The Telegraph
Since 1st March, 1999
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Survivors turn saviours in blaze battle

“I heard an explosion and quickly got out of bed. My first reaction was that a bomb has gone off. Then I saw the smoke and the leaping flames, and realised what had happened. The gas cylinders were bursting one after the other. I ran out of my apartment, down the staircase through the blinding mix of smoke and flames, into the road. I did not think I would live to see another day.”

For Sunil Agarwal, 35, life will never be the same again. All that remains of his tiny apartment of 30 years, on the first floor of the sprawling Ludhiana Hosiery Building in Burrabazar, are charred memories.

Since Agarwal lived alone, once he was out of the building himself, he lost no time in helping his neighbours. He recollects spending the next few hours making trips back and forth through familiar corridors, carrying out screaming residents from different floors.

Initially, about 70-odd people had reached the exit that opens into Cotton Street but could not open the door as it was jammed. “Our hopes sank, but soon the door was broken and we managed to escape,” added Sunil. He and his friends then rushed to the nearby Babulal Lane, where others were crying out for help.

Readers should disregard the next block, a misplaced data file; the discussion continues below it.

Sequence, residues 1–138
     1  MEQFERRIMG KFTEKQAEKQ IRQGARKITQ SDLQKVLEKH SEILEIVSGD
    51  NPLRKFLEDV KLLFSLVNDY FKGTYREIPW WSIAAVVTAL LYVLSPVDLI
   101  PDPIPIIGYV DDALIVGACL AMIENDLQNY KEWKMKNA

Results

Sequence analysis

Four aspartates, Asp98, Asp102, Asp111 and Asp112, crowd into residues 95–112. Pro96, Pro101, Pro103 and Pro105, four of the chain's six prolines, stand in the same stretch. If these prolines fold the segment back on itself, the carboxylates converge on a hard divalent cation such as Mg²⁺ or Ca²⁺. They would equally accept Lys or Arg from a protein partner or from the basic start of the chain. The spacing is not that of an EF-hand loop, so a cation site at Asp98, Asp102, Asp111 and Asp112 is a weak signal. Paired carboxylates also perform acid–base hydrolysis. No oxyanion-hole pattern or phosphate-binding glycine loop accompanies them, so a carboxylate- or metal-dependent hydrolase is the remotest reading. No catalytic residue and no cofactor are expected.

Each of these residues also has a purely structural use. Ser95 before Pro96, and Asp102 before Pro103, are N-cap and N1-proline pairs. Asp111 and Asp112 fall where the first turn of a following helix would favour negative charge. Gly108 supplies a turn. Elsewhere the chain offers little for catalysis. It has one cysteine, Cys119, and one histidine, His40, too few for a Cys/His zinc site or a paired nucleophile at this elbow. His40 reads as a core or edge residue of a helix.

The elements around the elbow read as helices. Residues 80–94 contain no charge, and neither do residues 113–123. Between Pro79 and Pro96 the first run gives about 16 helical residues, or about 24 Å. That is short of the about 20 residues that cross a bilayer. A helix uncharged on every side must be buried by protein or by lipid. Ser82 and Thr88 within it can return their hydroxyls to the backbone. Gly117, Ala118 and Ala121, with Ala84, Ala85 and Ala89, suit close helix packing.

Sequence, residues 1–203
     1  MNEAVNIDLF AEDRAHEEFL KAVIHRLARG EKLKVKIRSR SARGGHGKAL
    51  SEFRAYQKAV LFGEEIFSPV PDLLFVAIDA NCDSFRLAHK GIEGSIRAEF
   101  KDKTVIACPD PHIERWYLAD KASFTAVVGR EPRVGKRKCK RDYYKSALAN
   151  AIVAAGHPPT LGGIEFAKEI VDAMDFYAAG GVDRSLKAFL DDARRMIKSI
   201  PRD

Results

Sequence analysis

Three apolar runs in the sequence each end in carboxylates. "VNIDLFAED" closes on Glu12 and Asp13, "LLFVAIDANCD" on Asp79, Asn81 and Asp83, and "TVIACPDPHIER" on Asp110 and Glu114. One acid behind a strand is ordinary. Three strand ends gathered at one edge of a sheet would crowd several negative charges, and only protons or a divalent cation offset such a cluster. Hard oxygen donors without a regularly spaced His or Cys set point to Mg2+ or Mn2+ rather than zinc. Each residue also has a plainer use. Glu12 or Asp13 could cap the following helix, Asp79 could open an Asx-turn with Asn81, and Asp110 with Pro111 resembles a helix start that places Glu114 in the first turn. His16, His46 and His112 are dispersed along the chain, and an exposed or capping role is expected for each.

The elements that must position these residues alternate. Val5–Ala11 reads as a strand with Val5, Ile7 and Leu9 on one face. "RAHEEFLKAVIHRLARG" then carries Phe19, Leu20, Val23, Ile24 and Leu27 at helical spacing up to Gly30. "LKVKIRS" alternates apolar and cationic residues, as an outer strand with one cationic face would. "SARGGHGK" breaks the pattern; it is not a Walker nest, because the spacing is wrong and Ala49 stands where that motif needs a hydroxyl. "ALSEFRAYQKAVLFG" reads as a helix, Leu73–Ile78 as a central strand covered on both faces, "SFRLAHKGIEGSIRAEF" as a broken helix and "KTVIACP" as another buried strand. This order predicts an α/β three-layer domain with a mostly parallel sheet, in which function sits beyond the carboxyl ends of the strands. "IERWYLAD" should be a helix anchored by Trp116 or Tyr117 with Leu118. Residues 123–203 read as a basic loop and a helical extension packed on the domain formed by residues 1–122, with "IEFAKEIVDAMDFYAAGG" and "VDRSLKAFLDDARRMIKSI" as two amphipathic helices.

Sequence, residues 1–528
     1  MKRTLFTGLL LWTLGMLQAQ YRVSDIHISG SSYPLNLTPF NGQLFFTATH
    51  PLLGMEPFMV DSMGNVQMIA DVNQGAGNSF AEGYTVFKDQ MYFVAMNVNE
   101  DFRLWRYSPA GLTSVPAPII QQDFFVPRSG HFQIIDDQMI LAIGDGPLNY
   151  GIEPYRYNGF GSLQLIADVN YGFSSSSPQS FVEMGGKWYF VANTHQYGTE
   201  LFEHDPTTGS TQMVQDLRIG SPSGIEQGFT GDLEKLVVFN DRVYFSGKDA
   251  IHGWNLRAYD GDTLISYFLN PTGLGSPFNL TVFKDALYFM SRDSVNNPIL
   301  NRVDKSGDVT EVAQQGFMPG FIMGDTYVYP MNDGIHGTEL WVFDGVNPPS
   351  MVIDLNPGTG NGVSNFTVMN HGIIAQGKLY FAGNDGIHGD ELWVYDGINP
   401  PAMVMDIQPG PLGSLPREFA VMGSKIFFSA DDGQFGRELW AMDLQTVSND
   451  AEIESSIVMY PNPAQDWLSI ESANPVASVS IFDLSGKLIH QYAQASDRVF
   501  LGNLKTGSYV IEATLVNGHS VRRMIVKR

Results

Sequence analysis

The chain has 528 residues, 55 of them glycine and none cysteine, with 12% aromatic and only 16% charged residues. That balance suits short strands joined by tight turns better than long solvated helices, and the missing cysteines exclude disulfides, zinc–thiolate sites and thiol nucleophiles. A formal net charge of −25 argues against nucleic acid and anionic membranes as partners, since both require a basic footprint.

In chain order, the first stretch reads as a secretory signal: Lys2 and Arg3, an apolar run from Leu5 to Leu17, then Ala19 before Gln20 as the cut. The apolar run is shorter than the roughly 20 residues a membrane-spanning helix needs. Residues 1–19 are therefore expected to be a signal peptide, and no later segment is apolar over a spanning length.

“The lights had gone out as the electric wires had melted in the heat,” recalled Sunil.

Another picture of courage was Bipin Ganatra, in his early 40s. A resident of Raja Dinendra Nath Street, Bipin was watching television late and came to know of the fire soon after it started. By 4.45 am, he was inside one of the ravaged buildings, trying to douse the blaze, a leaky hosepipe in hand.

Atul Agarwal, 50, a tenant of the Ludhiana building, has lost all his belongings. He is now left with just a dhoti and a kurta on his person, that too borrowed from a neighbour. Yet he was busy, along with members of a voluntary organisation, distributing snacks among other victims.

Sitaram Rathi, disabled and all of 65 years old, also took an active part in the action. Seeing that the leaking hose pipes were holding up the rescue operation, he arranged for water to be supplied from nearby buildings.

Yogesh Sharma, in his sixties, is one of the lucky few whose relatives have rallied behind him in his moment of crisis. He has no clue where he will stay now. “ If we hadn’t been alerted, we would all have died in our sleep,” he said.

Biswanath Trivedi, a local shop-owner, spent all day assisting the medical team and the fire fighters salvage goods and carry the injured. “I have arranged accommodation for many families at my place. After all, where will they go now'” Trivedi said.

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